What is it about milk straight from the cow that gets people so wound up? From this week anybody providing raw milk for consumption will face a fine of up to $60,000 (in case you were wondering the penalty for distribution of small amounts of the drug "Ice" attracts a $45,000 fine). This weekend as we quietly finish our last bottle of Schulz Bath Milk I'm puzzled by the hysterical reaction raw milk seems to draw and the extreme measures that are being taken to stop people drinking it (from this week the new law mandates raw milk must have a bittering agent added to it).
Drinking raw milk has risks associated with it but we do many things that have risks attached - we drive cars, swim at beaches, skydive. If you've ever done a food safety course you'll know we eat many foods that we need to be careful with; rice, chicken and leafy greens are common foods most responsible for recorded food-borne illnesses. The thing is we don't ban them we take a preventative and educative approach.
You can buy raw milk from vending machines in Europe (see pic above), from any farmgate in New Zealand
and in 30 states in the US. Knowing how similar countries to ours approach raw milk it's not surprising that the
wisdom of our laws are being questioned. And when people decide a law is unreasonable they resist it.
Prohibition doesn't work,never has. We will see farmers and retailers being unnecessarily fined and imprisoned.
People will lose their farms and businesses over unpasteurised milk! For politicians it'll be a public relations
nightmare and in end no one will win. We'll end up spending time and money policing farmers and shopkeepers
while at the same time we'll be neglecting far more important things.
A child has died drinking raw milk and that is a terrible and tragic thing. But as a mature society our reaction to such an event should be measured. We accept that people will and do die in car accidents, drinking alcohol,
swimming in pools and taking prescription medicines. Our response as a community is not to ban these things
but to implement legislation, safety procedures and education to help people reduce associated risks.
From this week Schulz Organic Dairy will no longer produce its Organic Bath Milk for sale.
If you'd like to know more and get involved here are some links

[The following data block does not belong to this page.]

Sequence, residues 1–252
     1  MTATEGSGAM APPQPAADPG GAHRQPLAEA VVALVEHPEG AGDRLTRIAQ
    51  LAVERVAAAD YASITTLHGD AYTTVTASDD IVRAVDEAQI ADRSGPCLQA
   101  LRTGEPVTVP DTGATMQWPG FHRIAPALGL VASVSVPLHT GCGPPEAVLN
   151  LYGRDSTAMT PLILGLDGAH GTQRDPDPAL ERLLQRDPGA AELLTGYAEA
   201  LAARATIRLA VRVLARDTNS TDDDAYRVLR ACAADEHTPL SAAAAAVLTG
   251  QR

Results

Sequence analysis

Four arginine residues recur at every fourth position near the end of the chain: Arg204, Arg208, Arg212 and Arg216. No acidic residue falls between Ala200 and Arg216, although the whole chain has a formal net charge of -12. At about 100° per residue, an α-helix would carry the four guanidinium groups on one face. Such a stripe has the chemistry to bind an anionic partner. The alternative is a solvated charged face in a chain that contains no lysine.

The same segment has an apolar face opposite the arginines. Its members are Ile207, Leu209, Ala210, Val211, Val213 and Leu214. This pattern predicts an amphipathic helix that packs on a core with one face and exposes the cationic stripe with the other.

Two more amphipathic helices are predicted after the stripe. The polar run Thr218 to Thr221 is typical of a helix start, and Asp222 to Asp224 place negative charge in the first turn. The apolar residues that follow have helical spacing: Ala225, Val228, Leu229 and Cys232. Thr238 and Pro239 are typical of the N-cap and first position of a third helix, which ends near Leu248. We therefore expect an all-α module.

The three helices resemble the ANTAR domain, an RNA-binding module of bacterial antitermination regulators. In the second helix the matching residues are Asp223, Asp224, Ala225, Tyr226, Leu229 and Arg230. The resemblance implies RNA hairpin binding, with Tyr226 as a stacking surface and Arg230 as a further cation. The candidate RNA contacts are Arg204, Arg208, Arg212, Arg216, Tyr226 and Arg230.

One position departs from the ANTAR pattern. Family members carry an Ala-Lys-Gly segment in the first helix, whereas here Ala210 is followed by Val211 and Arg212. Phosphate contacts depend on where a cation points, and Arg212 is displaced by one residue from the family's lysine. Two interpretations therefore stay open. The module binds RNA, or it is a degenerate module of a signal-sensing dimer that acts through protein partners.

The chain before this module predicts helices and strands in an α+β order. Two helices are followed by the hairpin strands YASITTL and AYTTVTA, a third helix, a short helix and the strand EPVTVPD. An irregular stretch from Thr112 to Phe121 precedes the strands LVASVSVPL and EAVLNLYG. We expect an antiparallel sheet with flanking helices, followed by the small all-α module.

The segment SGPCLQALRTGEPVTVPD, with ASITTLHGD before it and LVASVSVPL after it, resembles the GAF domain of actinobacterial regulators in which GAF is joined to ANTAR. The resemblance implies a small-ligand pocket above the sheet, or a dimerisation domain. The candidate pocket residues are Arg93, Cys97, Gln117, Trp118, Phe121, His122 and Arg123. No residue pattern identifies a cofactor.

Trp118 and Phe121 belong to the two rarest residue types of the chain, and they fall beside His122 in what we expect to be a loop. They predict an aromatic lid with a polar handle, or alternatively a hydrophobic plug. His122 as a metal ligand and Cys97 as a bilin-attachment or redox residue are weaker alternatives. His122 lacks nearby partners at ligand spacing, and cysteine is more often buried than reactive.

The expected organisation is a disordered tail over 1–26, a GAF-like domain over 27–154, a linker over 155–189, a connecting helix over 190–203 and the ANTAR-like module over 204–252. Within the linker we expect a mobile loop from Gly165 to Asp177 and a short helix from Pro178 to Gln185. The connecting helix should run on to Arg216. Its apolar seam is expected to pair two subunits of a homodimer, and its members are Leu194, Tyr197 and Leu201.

This is a quick update on our November crowd-funding campaign. This is the not very exciting part of the process. At the moment there's lots of back and forth of emails; contracts are being written, our site is being documented, data is being cleaned and prepared for migration and a very detailed specification of what we need with the new site is being written and rewritten. We want to get this part as right as we can and we know from previous experience that good preparation will save lots of pain and expense later. Once this is done the actual building of the new site will begin.
As people return from holidays the last of your crowdfunding rewards are being sent out with grocery orders or in the post so thanks for your patience. And for those of you enjoying the vegetable related musings a new email will go out this week containing another chapter in the search for The Giant Cabbage of Berastagi.
Unglut your Gut Challenge Tip of the Week
Congratulations to the 300 households taking part in this year's Unglut Your Gut Challenge, Fair Food's glamorously titled four week long event to help get our human microbiomes back into shape.
Here's my unglut your gut tip for this week
First I was thinking of suggesting that instead of a kitten or a puppy for your household this year how about a keeping your own kefir culture or a kombucha scoby as a pet. But after trying it out on my own children I was quickly returned to the real world and think this might be a better way to go.....
....Our microbiome loves fibre and the more variety of bacterial foods we eat the more diverse and resilient our guts become. Compared to our hunter gathering ancestors we hardly eat any dietary fibre at all and what we do eat comes from just a few sources This week the challenge is to can increase the quantity and diversity of dietary fibre to feed your microbiome, Sources of fibre include: fruits, vegetables, oat bran, barley, flaxseed, psyllium, dried beans, lentils, peas, wheat bran, corn bran, rice bran, nuts, seeds and wholegrain foods generally. A small warning - don't overdo it on the fibre or you'll possibly overwhelm your system and housemates with an excess of human biogas.
Have a great gut week
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